Paranoia over legal status of WikiLeaks breeds new generation of scams | Media |

The call, when it comes, is both unexpected and worrying to its American recipients. “Your computer and IP address have been noted as visiting the WikiLeaks site,” says the recorded message. The penalty for doing this: a $250,000 or $25,000 fine, and the possibility of imprisonment. But it does leave a number to call where the fine can be paid – with a reduction for prompt settlement and without the unpleasantness of a court case.

And it’s all just a nasty scam…

Google Chrome Drops Support For Dominant Video Format | paidContent

Google (NSDQ: GOOG) has essentially declared war against the web’s dominant video format, announcing in a blog post today that Chrome will phase out support for the H.264 video codec that encodes most video online. Instead, Chrome, which now controls 10 percent of the browser market worlwide, will only support two open video formats—Google’s own WebM format, which launched last year, and Theora, another open-source codec. This seems to confirm that the web’s “codec wars” are in full effect and could indicate that Google has a problem with the royalties being charged by MPEG-LA, the organization that administers the patent pool for H.264 codec.

BBC Mundo – Noticias – Google Translator para… crear música

La tecnología se desarrolla y trae nuevos e inesperados usos. Y son estos usos impensables lo que la convierte en algo tan fascinante… ¿Hubiese usted imaginado alguna vez que el programa de traducción creado por Google, el “Google Translator”, podría utilizarse para crear ritmos en los que basar música?

Esto es lo que ha descubierto un usuario de la web denominado “Redditor harrichr” que ha encontrado la fórmula para convertir a la herramienta de traducción de Google en una máquina de sonidos improvisada.

Si no lo cree no tiene más que seguir las instrucciones:

1) Vaya a Google Translator

2) Seleccione alemán (german) como lengua de origen y de destino

3) Copie y traduzca la siguiente secuencia:

pv zk pv pv zk pv zk kz zk pv pv pv zk pv zk zk pzk pzk pvzkpkzvpvzk kkkkkk bsch

4) Haga click en escuchar (listen)

El alemán parece ser la lengua que mejor funciona para este truco, aunque no se descarta que puedan existir otras, ya que ahora se abre el espacio para la experimentación.

Yo acabo de probar esto usando español:

zh tk cshkp zh tk zh tk zh cshkp zhzhzh zh tk tk tk csh kp


First tube station to get Wi-Fi next week • The Register

Charing Cross will become the first London Underground station to offer wireless internet access from next week.

BT Openzone will run a six-month trial in the ticket hall area and on Northern and Bakerloo line platforms. There won’t be any access on trains.

The service will be offered on the same basis as other BT Openzone hotspots: free to BT broadband subscribers and Fon members, and available for a fee to others.

Google prepara un indicador de la inflación en la red – BBC Mundo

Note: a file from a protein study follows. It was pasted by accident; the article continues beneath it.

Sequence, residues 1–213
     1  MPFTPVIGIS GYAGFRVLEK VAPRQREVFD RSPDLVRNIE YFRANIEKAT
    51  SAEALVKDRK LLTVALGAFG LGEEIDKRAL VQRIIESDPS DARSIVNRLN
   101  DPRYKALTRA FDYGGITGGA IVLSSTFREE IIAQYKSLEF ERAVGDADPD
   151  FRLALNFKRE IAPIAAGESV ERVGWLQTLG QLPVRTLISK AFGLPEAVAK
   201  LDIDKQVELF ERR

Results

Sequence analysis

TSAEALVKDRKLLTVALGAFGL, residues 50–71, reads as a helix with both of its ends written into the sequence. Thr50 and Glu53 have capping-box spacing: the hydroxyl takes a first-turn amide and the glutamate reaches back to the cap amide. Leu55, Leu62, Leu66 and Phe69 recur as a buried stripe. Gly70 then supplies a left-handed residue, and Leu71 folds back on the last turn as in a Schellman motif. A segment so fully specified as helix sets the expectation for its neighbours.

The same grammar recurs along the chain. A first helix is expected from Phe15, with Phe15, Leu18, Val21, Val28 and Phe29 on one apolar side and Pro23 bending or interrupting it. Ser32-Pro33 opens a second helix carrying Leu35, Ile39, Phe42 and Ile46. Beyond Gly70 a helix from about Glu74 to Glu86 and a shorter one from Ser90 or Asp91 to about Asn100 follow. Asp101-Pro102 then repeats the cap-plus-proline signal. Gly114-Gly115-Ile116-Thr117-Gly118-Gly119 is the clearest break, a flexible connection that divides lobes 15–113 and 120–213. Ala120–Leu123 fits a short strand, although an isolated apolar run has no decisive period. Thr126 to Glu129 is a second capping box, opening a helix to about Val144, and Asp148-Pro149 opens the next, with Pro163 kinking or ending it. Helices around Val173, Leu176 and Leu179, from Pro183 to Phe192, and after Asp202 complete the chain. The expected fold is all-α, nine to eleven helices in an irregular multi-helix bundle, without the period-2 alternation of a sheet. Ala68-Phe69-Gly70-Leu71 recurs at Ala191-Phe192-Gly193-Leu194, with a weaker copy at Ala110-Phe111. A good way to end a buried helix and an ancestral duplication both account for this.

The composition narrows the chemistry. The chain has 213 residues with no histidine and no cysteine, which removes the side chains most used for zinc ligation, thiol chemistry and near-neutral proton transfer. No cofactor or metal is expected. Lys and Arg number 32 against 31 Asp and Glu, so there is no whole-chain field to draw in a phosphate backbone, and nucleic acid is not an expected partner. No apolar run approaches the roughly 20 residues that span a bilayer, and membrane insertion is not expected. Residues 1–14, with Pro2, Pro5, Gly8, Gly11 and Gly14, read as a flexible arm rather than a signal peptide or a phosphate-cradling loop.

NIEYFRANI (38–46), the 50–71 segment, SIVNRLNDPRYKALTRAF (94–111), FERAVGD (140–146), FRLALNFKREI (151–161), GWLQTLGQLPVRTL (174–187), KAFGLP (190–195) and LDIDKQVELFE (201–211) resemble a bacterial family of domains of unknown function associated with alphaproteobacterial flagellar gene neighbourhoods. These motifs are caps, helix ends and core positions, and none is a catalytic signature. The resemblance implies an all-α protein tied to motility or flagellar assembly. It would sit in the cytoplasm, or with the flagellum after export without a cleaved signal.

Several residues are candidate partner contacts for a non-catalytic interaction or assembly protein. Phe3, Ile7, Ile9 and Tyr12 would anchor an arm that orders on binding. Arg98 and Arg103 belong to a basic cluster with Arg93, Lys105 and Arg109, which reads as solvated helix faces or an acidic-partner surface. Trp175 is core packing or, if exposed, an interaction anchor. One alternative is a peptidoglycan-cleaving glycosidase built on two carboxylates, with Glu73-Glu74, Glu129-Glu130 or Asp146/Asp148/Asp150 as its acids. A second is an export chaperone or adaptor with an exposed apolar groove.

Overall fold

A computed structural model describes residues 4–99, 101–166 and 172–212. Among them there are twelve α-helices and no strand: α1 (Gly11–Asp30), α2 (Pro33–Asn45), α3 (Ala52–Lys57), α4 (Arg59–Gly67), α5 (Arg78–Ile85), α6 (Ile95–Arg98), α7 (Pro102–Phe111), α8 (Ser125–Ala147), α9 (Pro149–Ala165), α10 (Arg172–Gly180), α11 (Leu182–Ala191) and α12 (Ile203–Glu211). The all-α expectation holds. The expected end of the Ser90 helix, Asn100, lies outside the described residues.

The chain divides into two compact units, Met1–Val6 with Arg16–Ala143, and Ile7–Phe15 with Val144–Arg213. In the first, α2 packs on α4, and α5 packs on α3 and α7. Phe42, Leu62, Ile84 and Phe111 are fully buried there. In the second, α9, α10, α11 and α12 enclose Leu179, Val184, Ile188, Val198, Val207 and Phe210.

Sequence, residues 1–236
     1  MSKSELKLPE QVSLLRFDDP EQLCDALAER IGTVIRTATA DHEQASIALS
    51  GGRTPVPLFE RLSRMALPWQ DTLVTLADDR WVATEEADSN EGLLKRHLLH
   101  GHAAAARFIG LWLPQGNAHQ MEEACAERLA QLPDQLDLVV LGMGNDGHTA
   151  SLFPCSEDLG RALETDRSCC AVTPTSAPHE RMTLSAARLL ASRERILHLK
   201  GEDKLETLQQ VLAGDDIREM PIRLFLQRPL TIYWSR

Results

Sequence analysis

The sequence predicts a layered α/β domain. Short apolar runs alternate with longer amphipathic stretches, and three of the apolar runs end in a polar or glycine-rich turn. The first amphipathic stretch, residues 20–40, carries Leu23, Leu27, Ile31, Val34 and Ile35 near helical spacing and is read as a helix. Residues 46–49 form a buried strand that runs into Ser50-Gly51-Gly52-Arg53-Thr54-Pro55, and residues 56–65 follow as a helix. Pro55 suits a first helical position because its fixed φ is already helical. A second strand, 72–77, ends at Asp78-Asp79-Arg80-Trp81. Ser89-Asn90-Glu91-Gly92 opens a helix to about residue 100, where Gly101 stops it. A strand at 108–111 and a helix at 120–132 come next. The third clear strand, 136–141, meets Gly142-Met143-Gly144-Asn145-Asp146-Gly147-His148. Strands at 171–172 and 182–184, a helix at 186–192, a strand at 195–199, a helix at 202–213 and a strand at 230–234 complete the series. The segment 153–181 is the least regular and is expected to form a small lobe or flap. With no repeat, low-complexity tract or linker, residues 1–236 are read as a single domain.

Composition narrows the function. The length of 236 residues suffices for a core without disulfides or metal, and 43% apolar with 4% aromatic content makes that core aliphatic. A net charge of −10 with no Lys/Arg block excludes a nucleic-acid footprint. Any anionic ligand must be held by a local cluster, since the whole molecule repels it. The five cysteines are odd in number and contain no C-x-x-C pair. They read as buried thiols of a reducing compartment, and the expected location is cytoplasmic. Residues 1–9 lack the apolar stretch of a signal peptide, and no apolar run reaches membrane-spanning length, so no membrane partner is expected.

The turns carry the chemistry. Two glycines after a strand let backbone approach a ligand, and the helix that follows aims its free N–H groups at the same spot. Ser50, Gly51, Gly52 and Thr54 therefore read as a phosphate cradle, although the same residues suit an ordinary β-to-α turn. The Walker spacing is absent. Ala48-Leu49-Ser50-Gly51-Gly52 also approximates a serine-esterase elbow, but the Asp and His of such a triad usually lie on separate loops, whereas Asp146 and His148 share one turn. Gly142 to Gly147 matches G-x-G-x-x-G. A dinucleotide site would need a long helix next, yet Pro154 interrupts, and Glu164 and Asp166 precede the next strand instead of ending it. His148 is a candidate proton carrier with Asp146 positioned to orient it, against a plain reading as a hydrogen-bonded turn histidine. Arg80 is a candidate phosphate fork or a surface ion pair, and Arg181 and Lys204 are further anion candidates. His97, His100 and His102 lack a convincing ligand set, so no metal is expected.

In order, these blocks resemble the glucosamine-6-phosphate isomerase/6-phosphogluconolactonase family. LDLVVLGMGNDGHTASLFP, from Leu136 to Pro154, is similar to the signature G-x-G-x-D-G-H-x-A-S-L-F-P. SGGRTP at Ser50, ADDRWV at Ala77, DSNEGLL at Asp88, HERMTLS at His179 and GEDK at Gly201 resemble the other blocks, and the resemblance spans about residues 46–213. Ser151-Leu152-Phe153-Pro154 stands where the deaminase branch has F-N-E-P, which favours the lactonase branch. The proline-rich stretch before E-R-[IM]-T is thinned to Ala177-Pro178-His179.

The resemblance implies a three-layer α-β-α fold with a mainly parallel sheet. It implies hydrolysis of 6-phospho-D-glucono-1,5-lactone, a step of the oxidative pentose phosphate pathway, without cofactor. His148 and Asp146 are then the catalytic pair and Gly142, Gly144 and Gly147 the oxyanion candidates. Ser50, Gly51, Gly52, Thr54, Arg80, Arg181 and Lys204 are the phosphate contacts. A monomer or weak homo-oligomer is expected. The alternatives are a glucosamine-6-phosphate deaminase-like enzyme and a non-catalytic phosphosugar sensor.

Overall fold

Los caminos de Google hace ya tiempo que son inescrutables. Pocos días después de desvelarse que preparan un auto que se maneja solo, ahora se sabe que también se ha lanzado a construir su índice de precios, su propia vara para medir la inflación en internet.

Basado en la vasta información sobre precios en la red, la compañía californiana trabaja en la construcción del Índice de Precios de Google (Google Price Index, en inglés), que en el futuro podría devenir en referencia alternativa a los balances oficiales.

Depressed Woman Loses Health Benefits for Happy Pics on Facebook

A Canadian woman claims she has lost her health benefits after her insurance company used her Facebook pictures as evidence that she was no longer depressed.

Nathalie Blanchard had been on sick leave for a year from her job at IBM in Bromont, Quebec, after being diagnosed with severe depression. The 29-year old was receiving sick pay from insurer Manulife.

However, when payments stopped coming she contacted Manulife and, she claims, was told that Facebook

) pictures taken on a beach and during a night out were evidence that she was no longer depressed.

According to the Canadian Broadcasting Corp., which also produced a TV report on the case:

When Blanchard called Manulife, the company said that “I’m available to work, because of Facebook”…She said her insurance agent described several pictures Blanchard posted on the popular social networking site, including ones showing her having a good time at a Chippendales bar show, at her birthday party and on a sun holiday — evidence that she is no longer depressed, Manulife said.

…in a written statement sent to CBC News, the insurer said: “We would not deny or terminate a valid claim solely based on information published on websites such as Facebook.” It confirmed that it uses the popular social networking site to investigate clients.

It’s a case that adds fuel to the privacy debate, especially given that Blanchard claims her Facebook photos were private. Are we entering an unsettling new reality in which insurance companies are able to deny claims based on Tweets and Facebook pictures?